Gulf | Yemen

Militant tribal chief triggers Yemen standoff

Clash began when Al Fadli returned home

  • Reuters
  • Published: 13:33 November 6, 2012
  • Gulf News

Aden: A tribal leader suspected of links to Al Qaida’s active Yemeni wing returned to his home in southern Yemen on Monday, triggering an armed standoff between his supporters and militiamen allied to the government, tribal sources said.

Tarek Al Fadli, who was raised in Saudi Arabia and fought in Afghanistan, leads a major tribe in the restive Abyan province and had taken refuge in the mountains over the summer after a US military-backed onslaught drove militants linked to Al Qaida from southern towns.

The standoff highlights the challenges facing President Abd-Rabbu Mansour Hadi in trying to assert state authority following last year’s uprising in Yemen.

After president Ali Abdullah Saleh finally bowed to popular revolt and stepped down in February, the US-backed Yemeni military swept into the south and wrested back a number of towns from Al Qaida-linked militants, sometimes after heavy fighting.

“The return of Fadli to his house triggered protests from those allied to the army who surrounded his house and asked him to go back where he came from,” a source allied to the government told Reuters.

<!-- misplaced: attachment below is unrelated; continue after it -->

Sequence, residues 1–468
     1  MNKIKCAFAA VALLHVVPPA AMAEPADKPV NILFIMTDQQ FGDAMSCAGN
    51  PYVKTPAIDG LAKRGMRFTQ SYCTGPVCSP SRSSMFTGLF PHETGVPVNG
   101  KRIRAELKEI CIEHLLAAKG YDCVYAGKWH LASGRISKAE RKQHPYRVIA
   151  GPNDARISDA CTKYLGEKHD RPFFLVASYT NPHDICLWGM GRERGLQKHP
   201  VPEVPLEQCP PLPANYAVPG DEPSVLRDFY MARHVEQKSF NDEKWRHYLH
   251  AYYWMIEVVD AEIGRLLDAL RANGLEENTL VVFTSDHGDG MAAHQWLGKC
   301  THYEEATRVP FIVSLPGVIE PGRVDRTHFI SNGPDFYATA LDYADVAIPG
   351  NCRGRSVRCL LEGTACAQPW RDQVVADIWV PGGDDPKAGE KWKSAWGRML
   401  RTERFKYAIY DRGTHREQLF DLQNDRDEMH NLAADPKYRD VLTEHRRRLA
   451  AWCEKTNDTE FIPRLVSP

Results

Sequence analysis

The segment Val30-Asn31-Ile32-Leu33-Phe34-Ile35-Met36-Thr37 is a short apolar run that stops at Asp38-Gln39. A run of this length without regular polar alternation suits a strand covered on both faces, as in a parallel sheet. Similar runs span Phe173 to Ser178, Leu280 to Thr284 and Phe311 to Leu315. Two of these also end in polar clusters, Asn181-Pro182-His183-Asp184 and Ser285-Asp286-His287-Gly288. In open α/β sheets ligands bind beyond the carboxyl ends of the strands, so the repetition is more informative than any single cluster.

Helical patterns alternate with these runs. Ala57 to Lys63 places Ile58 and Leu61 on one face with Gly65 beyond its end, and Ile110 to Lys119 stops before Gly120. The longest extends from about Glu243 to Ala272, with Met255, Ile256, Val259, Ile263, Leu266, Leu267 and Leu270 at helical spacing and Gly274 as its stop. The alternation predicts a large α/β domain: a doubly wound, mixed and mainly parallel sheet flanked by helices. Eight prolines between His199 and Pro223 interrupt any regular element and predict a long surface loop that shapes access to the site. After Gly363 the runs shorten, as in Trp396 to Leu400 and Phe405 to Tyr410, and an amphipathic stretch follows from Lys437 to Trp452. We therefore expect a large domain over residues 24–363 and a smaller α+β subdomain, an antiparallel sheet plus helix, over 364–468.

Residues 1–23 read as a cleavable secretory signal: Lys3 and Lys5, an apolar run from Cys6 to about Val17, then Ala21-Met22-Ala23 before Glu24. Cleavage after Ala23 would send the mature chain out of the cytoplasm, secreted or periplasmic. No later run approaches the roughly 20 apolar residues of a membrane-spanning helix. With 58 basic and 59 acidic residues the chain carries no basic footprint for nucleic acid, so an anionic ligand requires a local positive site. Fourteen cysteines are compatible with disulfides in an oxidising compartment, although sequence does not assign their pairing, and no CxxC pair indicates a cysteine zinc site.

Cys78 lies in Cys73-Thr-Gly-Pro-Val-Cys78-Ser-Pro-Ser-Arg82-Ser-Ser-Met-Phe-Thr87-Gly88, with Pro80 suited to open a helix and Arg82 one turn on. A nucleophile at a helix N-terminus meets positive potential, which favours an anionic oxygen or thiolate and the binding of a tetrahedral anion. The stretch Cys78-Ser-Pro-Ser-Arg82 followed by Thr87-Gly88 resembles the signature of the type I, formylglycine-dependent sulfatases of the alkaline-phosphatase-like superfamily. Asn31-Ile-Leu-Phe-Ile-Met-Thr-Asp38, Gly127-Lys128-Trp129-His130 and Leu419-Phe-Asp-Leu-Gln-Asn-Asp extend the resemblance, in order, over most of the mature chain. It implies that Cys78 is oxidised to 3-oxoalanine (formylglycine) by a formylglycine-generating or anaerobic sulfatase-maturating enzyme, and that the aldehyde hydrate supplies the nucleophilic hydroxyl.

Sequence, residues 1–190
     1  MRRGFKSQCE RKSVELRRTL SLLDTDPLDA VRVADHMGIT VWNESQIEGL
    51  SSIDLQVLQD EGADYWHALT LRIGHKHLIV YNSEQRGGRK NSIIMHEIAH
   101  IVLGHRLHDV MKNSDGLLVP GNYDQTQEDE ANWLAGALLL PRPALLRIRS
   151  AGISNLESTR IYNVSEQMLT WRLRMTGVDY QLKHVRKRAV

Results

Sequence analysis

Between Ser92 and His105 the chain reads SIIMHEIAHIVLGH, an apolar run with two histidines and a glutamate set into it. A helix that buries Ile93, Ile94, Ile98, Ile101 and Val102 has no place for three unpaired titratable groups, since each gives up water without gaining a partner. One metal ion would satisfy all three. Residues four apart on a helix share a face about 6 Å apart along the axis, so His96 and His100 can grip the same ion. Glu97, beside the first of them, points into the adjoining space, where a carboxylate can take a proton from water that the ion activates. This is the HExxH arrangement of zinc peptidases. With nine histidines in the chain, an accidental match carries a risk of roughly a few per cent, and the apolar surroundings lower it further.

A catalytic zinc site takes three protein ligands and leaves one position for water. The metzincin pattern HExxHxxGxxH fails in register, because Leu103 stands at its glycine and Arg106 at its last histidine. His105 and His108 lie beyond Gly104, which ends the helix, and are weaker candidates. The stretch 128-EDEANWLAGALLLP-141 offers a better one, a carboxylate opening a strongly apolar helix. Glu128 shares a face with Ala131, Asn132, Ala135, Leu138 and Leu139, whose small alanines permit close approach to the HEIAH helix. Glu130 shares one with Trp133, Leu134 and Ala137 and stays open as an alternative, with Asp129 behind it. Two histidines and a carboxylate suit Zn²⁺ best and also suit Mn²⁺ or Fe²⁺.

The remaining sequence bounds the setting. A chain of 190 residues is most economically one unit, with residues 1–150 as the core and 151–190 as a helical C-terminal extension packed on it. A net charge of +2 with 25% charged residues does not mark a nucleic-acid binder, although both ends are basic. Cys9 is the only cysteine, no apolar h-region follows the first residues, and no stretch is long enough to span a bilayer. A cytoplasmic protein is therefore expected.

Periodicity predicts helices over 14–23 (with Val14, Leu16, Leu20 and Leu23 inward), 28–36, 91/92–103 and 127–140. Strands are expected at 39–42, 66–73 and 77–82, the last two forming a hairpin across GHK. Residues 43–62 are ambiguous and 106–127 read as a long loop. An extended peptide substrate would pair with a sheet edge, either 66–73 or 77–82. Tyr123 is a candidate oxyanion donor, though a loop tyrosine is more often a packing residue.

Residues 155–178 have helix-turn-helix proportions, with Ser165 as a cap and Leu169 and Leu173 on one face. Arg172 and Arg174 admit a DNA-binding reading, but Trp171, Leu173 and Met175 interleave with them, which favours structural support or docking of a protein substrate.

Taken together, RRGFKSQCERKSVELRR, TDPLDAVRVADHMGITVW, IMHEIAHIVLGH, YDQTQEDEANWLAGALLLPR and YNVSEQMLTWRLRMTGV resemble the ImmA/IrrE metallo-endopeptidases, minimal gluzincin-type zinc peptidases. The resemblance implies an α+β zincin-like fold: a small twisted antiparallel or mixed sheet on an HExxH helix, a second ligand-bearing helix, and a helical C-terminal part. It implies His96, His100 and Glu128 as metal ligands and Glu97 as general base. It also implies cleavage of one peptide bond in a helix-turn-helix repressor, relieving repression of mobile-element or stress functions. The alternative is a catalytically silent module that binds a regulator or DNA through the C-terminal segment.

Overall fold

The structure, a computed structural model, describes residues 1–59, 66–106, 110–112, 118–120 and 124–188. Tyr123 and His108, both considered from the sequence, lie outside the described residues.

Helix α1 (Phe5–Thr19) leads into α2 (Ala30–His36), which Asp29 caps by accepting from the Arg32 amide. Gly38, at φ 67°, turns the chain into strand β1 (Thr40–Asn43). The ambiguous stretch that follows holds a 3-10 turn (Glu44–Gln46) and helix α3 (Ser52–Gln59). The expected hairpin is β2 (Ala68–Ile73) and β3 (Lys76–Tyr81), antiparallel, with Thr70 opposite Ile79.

Protesters asked the government to intervene to get him out of the town, the source said, adding that a security committee would meet on Tuesday to discuss the matter.

A source close to Fadli told Reuters that he was at his home in Zinjibar and that no one had the right to force him out.

The US military has intensified a campaign of missile strikes on suspected Islamist militants in recent months, often using pilotless drones.

Yemen’s Gulf neighbours and Washington are concerned that Al Qaida and other Islamist fighters operating there could pose a threat to Saudi Arabia and to nearby oil shipping channels.

Hadi, praised by the US. ambassador in Sanaa as being more effective against Al Qaida than his predecessor, was quoted as saying during a trip to the United States in September that he personally approved every attack.

While Washington usually avoids comment on the strikes in Yemen, the British-based Bureau of Investigative Journalism, which tracks US operations, says as many as 56 civilians have been killed this year by drones.

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